It’s one of the most-memorable scenes in all of Star Trek: after a feature-length episode where Jean-Luc Picard bounced back and forth between the show’s present day, the past from the ship’s first mission in “Encounter at Farpoint,” and 25 years ahead to a far-flung 2395, things are settling back down. Picard solved the riddle, closed the anomaly, and ran around the Enterprise asking the day’s date like Ebeneezer Scrooge on Christmas Morning.
That settled, the crew of the Enterprise sits down to their regular poker night, taking stock of everything that happened — and everything Picard experienced.
Crusher: You know, I was thinking about what the Captain told us all about the future. About how we all changed, and drifted apart. Why would he want to tell us what’s to come?
Geordi: Sure goes against everything we’ve always heard about not polluting the timeline, doesn’t it?
Data: I believe, however, this situation is unique. Since the anomaly did not occur, there have already been changes in the way this timeline is unfolding. The future we experience will undoubtedly be different from the one the Captain encountered.
Riker: Maybe that’s why he told us. Knowing what happens in that future allows us to change things now. So that some things never happen.
And so the Enterprise speeds off into the unknown, boldly going etc., and we’re left wondering how different the future will be for our heroes, and whether that future will be better or worse than the future Picard glimpsed.
Except we don’t have to wonder any more. Whereas “All Good Things…” showed us the distant future of 2395, the first season of Star Trek: Picard has caught us up to the year 2399, with four Next Gen movies, various television projects, and some information gleaned from the Kelvin timeline to fill us in on everything in-between.
So: what changed? What stayed the same? And, was the future we ultimately got better than the future Picard originally saw? (Warning: Spoilers Follow for… lots of stuff)
The Enterprise-D, We Hardly Knew Ye
In the “anti-time future,” the Enterprise-D is still going strong. Refitted with a third nacelle (which apparently makes the ship capable of Warp 13), a massive cannon on the underside of the saucer section, and a no-foolin’ cloaking device, the Enterprise is a powerhouse of a vessel and a worthy ship for Admiral Will Riker.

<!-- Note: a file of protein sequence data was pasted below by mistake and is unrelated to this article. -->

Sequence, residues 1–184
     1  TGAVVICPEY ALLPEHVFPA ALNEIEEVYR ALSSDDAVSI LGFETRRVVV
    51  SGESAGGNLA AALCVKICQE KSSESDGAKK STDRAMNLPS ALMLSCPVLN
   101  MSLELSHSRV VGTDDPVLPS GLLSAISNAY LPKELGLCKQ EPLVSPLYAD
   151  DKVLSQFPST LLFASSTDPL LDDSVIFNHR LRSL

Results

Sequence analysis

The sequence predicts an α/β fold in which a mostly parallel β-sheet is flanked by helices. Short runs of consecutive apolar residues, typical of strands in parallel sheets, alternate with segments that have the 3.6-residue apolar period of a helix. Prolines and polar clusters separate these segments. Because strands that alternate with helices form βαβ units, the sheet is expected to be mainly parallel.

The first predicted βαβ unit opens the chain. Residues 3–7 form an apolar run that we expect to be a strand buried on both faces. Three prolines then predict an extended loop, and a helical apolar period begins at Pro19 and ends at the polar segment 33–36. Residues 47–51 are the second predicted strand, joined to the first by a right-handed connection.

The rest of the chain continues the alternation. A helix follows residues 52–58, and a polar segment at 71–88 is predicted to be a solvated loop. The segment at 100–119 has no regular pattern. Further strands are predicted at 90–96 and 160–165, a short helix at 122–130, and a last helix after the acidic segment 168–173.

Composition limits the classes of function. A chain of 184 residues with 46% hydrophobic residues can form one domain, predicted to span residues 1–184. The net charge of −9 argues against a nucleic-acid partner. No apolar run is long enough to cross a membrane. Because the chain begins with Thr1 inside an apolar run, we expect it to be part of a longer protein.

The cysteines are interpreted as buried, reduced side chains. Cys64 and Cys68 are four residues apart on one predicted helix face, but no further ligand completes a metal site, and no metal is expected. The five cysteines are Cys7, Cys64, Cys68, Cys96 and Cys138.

In the real timeline, however, the Enterprise-D wasn’t long for this quadrant. Less than a year later, the Duras sisters would end up shooting the storied vessel out of the sky, leaving the saucer section to crash down unceremoniously onto the planet below. Shortly thereafter, we all got the sleek new ride that is the Enterprise-E.
Deanna Dodges Death, Riker Delivers Pizza
In the anti-time future, Deanna Troi had died, years earlier, in some unspecified tragedy. This was a fracturing incident for the remaining crew of the Enterprise, with Worf and Riker blaming one another for her death and refusing to speak to each other. Hollowed out by the experience, Riker clearly threw himself into his career, rising quickly to the rank of Admiral and still clinging to the ship where he once had so many happy memories. This future Riker is a bitter and pragmatic man, reluctant to listen to Picard and not very willing to help out when asked.
By comparison, in our true timeline, Deanna lives, and after an exposure to youth radiation in the Briar Patch (it made sense in context) Troi and Riker decide to rekindle their relationship and eventually get married. Their life isn’t without its ups and downs from there, but they have a beautiful home, an adorably-precocious daughter, and all the hand-tossed pizza a person could want. This version of Riker is a Captain instead of an Admiral, and when Jean-Luc Picard needs help, nothing could keep him away. Not everything in our new future is so cut-and-dried, but Will Riker at least is definitely a happier, more-fulfilled man.
Always Back Up Your Data
Though our new timeline saved Deanna Troi from a tragic death, the same can’t be said for Commander Data. While in the anti-time future everybody’s favorite android is a tenured professor at Cambridge, in actuality, Data ended up sacrificing himself to save Picard’s life in Star Trek: Nemesis.
That being said, however, things aren’t quite that simple. Although Data died in our real timeline, that act of self-sacrifice rippled forward to create all sorts of new possibilities. Dr. Bruce Maddox, inspired anew by Data’s death, stepped up his research into positronics, eventually successfully recreating Data’s mind, as well as birthing a whole new race of androids, all of whom are in essence Data’s “children.” In the anti-time future, Data lived alone in a mansion with a bunch of cats. In the real future, Data died surrounded by family.
Romulus Gets Remixed